RSS FEED

Sanshin no kata, are you doing it wrong?

I was.  For a good 10 years.  Maybe more.

When I began in this art in the prehistoric '80s, no one knew anything.  Well, some said they did.  But looking back, I tend to feel differently.  Not many had even been to Japan, much less separated ninja fact from fiction.  Even something as basic to our art like Sanshin no kata, to this day, you will find fact mixed with fiction.

Since we are currently studying this in my basics class tonight, I thought i would write about it.   My CURRENT understanding of the forms (open to new info), is this:

What is often called "sanshin no kata," is actually only one exercise in a series.  The series includes

Sanshin no kata
Shoshin gokei
Gogyou no kata
Goshin no kata

Sanshin no kata is the swingy arm movement similar to chi no kata.  But it is also a way of moving.  The whole body taijutsu that makes our techniques effective at a basic level.  It can be used in the context of nearly any technique, from kicks to grappling and the obvious punches.  It should be done in all directions.  The ura form includes the cross with the opposite leg leading.

Shoshin gokei are the five forms everyone calls "sanshin no kata." Chi, Sui, Ka, Fu, and Ku no kata.  Meant to be done solo in the air.  Also moving, and in all directions.  The ura form is included.  Please don't add "theories" of earth movement and water, etc.  The names are simply a counting system.

Gogyo no kata are the same five forms done against an attacker.  The movement can change considerably with the variables of the type of attack given, and the nature of your opponent.  Also to be done with ura versions included, and in all directions.

Goshin no kata is when you do a continuous, non-stop repetition of one of the five forms endlessly without an attacker until one of two things occurs.  The form naturally and spontaneously shifts or changes to one of the other forms, OR you reach satori (a flash of enlightenment).

So far I haven't said much about  HOW to move.  This can't be taught in words.  You need an experienced teacher to help with that.  But even there, many experienced teachers have been confused by misinformation or the lack of information.  I challenge teachers and students alike to examine why they do what they do.  Where they learned it, where the info. came from.  And when.  Does it make sense?  Would it work?  If not, why not?  Is it because the form is being done poorly or just wrong in the first place? 

I can tell you, when done correctly, our Bujinkan is VERY effective.  And please check in with Japan.  The teachers there can help you sort through all of this.  If not, you throw out thousands of years of knowledge and are floating free in a fog of your own confusion.  I might visit you there, but I try not to overstay my welcome.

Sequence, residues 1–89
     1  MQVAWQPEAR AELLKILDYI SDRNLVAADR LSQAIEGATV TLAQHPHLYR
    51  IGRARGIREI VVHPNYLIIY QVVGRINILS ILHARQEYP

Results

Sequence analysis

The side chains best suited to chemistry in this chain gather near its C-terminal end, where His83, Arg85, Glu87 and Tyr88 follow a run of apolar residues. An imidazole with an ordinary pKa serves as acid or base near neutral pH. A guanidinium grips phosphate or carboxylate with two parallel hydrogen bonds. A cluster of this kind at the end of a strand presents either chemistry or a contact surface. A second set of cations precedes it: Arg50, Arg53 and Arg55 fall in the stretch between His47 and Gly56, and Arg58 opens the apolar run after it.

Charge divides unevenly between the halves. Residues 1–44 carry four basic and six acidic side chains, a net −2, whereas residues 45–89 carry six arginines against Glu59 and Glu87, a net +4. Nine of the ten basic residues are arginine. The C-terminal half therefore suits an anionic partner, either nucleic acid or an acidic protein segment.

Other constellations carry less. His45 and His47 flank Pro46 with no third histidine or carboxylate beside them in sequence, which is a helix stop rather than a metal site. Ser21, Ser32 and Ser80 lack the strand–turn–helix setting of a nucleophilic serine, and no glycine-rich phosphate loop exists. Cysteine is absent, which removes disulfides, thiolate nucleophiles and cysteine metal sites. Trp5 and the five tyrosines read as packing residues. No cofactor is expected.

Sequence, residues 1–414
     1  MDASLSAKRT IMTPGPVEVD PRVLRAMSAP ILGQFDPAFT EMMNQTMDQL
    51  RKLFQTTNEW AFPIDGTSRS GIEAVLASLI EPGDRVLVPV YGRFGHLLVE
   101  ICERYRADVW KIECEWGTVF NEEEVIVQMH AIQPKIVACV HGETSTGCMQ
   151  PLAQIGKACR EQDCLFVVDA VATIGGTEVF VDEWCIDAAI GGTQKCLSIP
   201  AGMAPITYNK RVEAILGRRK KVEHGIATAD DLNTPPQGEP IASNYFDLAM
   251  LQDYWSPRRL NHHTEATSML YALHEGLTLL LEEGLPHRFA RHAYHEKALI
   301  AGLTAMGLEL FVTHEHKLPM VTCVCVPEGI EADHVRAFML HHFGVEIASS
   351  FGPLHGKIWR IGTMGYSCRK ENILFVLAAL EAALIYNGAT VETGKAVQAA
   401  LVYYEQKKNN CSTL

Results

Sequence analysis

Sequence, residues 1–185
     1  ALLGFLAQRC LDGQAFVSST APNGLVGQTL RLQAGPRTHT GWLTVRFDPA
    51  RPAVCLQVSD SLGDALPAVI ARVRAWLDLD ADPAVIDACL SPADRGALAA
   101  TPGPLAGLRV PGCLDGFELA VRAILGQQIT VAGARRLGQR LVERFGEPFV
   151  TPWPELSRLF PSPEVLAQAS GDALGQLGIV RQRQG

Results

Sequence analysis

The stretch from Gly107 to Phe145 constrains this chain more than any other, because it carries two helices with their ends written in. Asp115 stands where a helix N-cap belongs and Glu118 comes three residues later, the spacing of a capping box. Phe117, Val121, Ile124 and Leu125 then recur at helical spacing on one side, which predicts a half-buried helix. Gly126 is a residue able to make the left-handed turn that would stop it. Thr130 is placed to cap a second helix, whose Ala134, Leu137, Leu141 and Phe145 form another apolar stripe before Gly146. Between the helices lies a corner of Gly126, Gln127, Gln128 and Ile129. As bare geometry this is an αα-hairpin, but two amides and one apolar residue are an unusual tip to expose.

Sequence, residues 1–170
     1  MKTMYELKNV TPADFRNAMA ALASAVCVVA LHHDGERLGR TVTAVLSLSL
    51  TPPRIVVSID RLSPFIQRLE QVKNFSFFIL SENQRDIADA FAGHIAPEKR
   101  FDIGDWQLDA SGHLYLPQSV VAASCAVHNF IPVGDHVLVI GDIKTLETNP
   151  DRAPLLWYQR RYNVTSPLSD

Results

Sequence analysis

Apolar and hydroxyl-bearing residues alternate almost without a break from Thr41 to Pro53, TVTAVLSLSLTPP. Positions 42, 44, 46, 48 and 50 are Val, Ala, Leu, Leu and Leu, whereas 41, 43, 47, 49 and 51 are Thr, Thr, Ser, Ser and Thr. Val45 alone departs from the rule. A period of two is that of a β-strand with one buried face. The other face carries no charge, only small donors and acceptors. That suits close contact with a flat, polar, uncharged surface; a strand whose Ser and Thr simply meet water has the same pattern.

6 comments:

kenninast

This is a very interesting article!
There are many many different things said about Sanshin no kata. In my begin period of Bujinkan, back in 1989, we called it all "gogyou no kata". Later we called it "sanshin no kata". Nobody ever could explain this, and it was just thought to be different names for the very same thing.

What you tell us here makes sense, I must say!

Bujinkan Santa Monica

Yes. Thank you for checking it out. The Bujinkan can sometimes be confusing for those of us that started in the '80s. When I started, no one ever said the word "Bujinkan," much less understood the kata names. Back then everyone just called it ninjutsu.

It does help my training now to try to understand the origin and structure of our art. Which includes learning some Japanese!

Sleiman

If anyone wants to know what Sanshin no Kata etc is, just ask Soke.

Everyone else is wrong, even when they are right.

Kennin

Haha, I just found this back! Great! :D

I remember back in the late eighties... when we trained musha dori and musō dori.
We got the names all wrong.

We have been taught that wat we call "musha dori" now, would be "gosha dori", while our "musō dori" of now was "musha dori".

It took me years to find out that it actually is "musha dori" and "musō dori", and that "gosha" is just another way of reading the characters of "musha". Thus: "musha dori" and "gosha dori" is the same thing.
And it took me yet another couple of years to find out that it might have been a mistake of Manaka that has begun to lead an own life. :)

Bujinkan Santa Monica

Good points Kennin. Us old guys learned lots of nice things in the eighties. Too bad we didn't know what the hell we were learning. Hopefully we are a little wiser now.

Anonymous

Claudio : Very good article Michael! Thank you very much for your knowledge! Greetings from Argentina!

Post a Comment

Return top